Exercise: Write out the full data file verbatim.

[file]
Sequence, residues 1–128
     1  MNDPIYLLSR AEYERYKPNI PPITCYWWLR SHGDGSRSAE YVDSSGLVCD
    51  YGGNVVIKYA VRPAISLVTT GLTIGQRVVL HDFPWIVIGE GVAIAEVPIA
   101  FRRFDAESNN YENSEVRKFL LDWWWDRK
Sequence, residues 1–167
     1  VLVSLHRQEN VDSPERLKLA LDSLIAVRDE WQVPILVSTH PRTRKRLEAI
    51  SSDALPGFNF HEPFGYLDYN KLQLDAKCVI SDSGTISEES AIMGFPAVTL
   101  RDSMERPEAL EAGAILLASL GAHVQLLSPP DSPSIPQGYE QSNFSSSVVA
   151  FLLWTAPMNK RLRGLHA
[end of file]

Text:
Sequence, residues 1–128
     1  MNDPIYLLSR AEYERYKPNI PPITCYWWLR SHGDGSRSAE YVDSSGLVCD
    51  YGGNVVIKYA VRPAISLVTT GLTIGQRVVL HDFPWIVIGE GVAIAEVPIA
   101  FRRFDAESNN YENSEVRKFL LDWWWDRK
Sequence, residues 1–167
     1  VLVSLHRQEN VDSPERLKLA LDSLIAVRDE WQVPILVSTH PRTRKRLEAI
    51  SSDALPGFNF HEPFGYLDYN KLQLDAKCVI SDSGTISEES AIMGFPAVTL
   101  RDSMERPEAL EAGAILLASL GAHVQLLSPP DSPSIPQGYE QSNFSSSVVA
   151  FLLWTAPMNK RLRGLHA